“…There’s a glib idiocy at work in the way Wall Street and the media cover the gold market…”
Spot gold hit USD $669.50 per ounce in Europe on Tuesday. In the futures market, the April contract rose USD $673.
Cue this nugget of wisdom from Reuters:
“Gold was also rising in other currencies, usually seen as a bullish sign.”
Now hold that thought for a moment. For it’s not just newswire hacks tripping over the idea of ex-Dollar gold prices and making fools of themselves today. Professional investors, paid to forecast the market, are happy to show this same glib idiocy, too.
“Gold in Japanese Yen and Euro terms are leading/confirming the onset of potentially more substantial upside,” said a technical analyst at Barclays Capital in London in a note earlier.
Good work, Sherlock! Gold has been rising against all major currencies since Jan. 4. But you’d never know it relying on Wall Street, the City or the mainstream media for your news.
Priced in Euros, gold broke back above €500 at the end of last month. Against the Canadian Dollar, gold is now trading at its highest level since mid-May ’06. Versus the Australian Dollar, gold has reached its highest level since June 16, trading above A$863 per ounce earlier today.
And against the Japanese Yen, gold overnight in Asia touched a fresh 23-year high at more than ¥81,500 per ounce.
But our man at Barclays, a technical analyst no less, now reckons the ex-Dollar gold price “confirms” what could “potentially” be more “upside” in…well…in the gold price!
Rising prices are a bullish sign, in other words. Which is about as empty an analysis as the City of London will ever give you.
“At Royal Bank of Canada, we trade gold bullion off our foreign exchange desks rather than our commodity desks,” says Anthony S. Fell, chairman of RBC Capital Markets, “because that’s what it is – a global currency, the only one that is freely tradable and unencumbered by vast quantities of sovereign debt and prior obligations.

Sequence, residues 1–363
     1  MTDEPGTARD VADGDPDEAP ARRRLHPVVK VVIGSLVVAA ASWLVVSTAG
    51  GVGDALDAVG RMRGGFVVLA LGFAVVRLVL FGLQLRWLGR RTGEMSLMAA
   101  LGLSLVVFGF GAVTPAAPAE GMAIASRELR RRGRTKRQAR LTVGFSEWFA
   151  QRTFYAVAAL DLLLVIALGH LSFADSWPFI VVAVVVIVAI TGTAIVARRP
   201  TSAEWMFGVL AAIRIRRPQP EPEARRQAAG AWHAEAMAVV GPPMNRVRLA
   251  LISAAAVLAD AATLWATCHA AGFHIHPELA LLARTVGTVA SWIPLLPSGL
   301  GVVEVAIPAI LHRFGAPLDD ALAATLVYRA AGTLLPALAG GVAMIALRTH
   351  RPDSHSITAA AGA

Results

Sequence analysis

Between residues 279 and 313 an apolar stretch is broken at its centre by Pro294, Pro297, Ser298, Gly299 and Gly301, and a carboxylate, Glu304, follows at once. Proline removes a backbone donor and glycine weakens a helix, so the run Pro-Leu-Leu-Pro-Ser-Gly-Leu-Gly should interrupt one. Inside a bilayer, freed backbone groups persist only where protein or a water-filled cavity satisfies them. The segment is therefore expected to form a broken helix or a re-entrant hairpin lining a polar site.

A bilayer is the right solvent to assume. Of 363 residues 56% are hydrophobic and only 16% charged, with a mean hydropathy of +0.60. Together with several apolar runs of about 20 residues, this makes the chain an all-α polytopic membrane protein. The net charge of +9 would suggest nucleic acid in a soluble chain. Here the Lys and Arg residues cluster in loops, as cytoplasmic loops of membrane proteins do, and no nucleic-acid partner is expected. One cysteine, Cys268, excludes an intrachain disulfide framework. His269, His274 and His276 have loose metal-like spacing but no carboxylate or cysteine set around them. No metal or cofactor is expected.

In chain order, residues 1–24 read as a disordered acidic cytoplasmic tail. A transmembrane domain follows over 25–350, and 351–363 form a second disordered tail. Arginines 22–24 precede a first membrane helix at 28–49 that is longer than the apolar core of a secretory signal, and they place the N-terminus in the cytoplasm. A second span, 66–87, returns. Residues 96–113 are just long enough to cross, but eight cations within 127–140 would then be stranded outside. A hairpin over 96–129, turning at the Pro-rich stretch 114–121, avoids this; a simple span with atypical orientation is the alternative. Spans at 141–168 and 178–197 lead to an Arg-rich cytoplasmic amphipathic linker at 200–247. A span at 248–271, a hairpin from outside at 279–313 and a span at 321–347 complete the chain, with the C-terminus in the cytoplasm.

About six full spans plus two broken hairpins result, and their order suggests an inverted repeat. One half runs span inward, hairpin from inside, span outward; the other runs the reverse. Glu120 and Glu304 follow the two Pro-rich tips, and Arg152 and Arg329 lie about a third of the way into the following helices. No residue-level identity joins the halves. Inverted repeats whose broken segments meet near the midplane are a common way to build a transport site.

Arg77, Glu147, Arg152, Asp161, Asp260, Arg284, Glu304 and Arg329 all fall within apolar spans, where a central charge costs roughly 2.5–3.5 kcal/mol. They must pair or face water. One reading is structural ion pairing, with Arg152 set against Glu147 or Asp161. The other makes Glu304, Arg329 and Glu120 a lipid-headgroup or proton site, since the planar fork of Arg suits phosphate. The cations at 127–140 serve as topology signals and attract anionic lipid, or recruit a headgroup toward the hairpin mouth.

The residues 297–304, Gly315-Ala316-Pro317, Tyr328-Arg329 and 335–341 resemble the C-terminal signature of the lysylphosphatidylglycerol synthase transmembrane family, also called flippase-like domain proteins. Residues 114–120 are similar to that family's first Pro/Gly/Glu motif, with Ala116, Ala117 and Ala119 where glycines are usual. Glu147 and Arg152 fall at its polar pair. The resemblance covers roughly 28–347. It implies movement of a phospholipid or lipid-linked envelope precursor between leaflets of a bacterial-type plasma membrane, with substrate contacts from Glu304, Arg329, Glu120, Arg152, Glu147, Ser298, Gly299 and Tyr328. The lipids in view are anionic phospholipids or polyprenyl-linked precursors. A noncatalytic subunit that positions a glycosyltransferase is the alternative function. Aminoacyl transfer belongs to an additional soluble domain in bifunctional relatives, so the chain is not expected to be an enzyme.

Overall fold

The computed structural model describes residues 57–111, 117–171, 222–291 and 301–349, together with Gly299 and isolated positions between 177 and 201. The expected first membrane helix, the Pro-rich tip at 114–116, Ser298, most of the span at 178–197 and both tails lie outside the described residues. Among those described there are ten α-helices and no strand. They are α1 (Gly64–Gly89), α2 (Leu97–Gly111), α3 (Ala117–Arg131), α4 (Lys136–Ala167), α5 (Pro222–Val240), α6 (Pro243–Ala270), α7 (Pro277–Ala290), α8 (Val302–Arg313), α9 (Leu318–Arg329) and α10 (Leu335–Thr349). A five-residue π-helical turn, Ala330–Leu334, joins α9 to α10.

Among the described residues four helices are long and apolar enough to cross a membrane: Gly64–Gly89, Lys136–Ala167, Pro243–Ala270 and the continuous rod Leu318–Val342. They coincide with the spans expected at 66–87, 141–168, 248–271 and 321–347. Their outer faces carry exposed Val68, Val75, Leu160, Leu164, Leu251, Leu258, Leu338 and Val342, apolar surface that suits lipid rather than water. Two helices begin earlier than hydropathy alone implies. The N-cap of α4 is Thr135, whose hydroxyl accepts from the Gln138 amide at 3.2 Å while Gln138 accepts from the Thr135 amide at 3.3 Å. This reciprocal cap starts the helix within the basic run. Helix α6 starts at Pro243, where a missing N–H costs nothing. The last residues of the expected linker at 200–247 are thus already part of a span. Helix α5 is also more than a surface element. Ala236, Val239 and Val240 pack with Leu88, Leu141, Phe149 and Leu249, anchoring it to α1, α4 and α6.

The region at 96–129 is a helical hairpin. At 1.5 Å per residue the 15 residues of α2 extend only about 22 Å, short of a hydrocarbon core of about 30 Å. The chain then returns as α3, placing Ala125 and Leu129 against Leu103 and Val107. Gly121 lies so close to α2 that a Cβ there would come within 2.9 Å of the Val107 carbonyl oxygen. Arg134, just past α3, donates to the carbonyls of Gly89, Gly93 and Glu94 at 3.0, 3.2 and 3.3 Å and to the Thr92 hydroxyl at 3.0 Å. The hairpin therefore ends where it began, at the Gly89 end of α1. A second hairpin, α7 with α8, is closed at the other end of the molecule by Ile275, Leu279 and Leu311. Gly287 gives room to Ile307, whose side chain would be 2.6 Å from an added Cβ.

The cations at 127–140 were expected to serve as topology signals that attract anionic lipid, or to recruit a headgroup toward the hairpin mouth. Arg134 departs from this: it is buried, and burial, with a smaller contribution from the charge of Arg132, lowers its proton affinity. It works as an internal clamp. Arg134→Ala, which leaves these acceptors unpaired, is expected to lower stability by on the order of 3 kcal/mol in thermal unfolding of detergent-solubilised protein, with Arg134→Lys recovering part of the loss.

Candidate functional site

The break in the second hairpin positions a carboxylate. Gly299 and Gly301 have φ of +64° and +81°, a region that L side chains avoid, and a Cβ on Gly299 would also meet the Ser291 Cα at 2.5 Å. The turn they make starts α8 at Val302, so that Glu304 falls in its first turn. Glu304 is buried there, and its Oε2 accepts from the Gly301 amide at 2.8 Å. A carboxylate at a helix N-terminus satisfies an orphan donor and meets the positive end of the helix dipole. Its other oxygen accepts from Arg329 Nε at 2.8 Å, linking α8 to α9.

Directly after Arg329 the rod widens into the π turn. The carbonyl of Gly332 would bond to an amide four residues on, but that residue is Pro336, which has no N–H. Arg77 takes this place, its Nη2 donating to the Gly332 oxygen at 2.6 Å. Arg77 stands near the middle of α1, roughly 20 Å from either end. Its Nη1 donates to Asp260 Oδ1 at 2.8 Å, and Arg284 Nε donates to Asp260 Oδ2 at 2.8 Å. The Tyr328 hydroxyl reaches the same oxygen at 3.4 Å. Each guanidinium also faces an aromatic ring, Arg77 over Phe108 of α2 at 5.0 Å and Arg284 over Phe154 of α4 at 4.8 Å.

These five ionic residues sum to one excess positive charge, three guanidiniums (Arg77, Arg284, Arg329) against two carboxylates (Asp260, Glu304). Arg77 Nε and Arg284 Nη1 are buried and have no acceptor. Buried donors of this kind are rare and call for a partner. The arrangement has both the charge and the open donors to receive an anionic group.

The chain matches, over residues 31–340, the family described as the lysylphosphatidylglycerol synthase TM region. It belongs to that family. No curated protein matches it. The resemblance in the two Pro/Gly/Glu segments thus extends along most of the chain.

“It is also the one investment and long-term store of value that cannot be adversely impacted by corrupt corporate management or incompetent politicians,” he adds – “each of which is in ample supply on a global basis.”
In short, says Fell, “don’t measure the Dollar against the Euro, or the Euro against the Yen, but measure all paper currencies against gold, because that’s the ultimate test.”
Not that Reuters or Barclays Capital can grasp this idea. The Dollar-price of gold is all that matters there. And cast as nothing but the anti-Dollar, gold is just one little challenge to Dollar hegemony – no better or worse than the Euro, for instance. Cast as just another function of Dollar strength or weakness, gold is ultimately subordinate to the greenback – and always will be, according to the mainstream finance industry’s logic.
“The Dollar [today] posted losses against major rivals,” says another newswire, “thereby increasing demand for gold.” If only it were that simple!
South Africa is pumping 25% more Rand into the world than there were a year ago…Indian Rupees are swelling at a rate of more than 19% annually…and the supply of Sterling rose 12.8% in December. Incredibly, that rate of growth was a 15-month low for the British currency!
In the Eurozone, meantime – now responsible for more cash by number and value than the United States – broad money supply rose 9.7% at the end of 2006 from Dec. 2005, up from an 8.5% annualised rate in Nov. So whatever the US Dollar might do – and no matter what the missing M3 data would tell us about the US money supply if Washington still published them – the increased demand for gold is a global phenomenon driven by a global flood of money and credit.
Yen, Euros, Sterling or Yuan…who cares? Gold is much more than just the anti-Dollar. And the opposite of all currency risk is fast gaining new friends today.
for Markets and Money
Editors Note: City correspondent for Markets and Money in London, Adrian Ash is head of research at BullionVault.com. – giving you direct access to investment gold, vaulted in Zurich, and low-cost gold investing.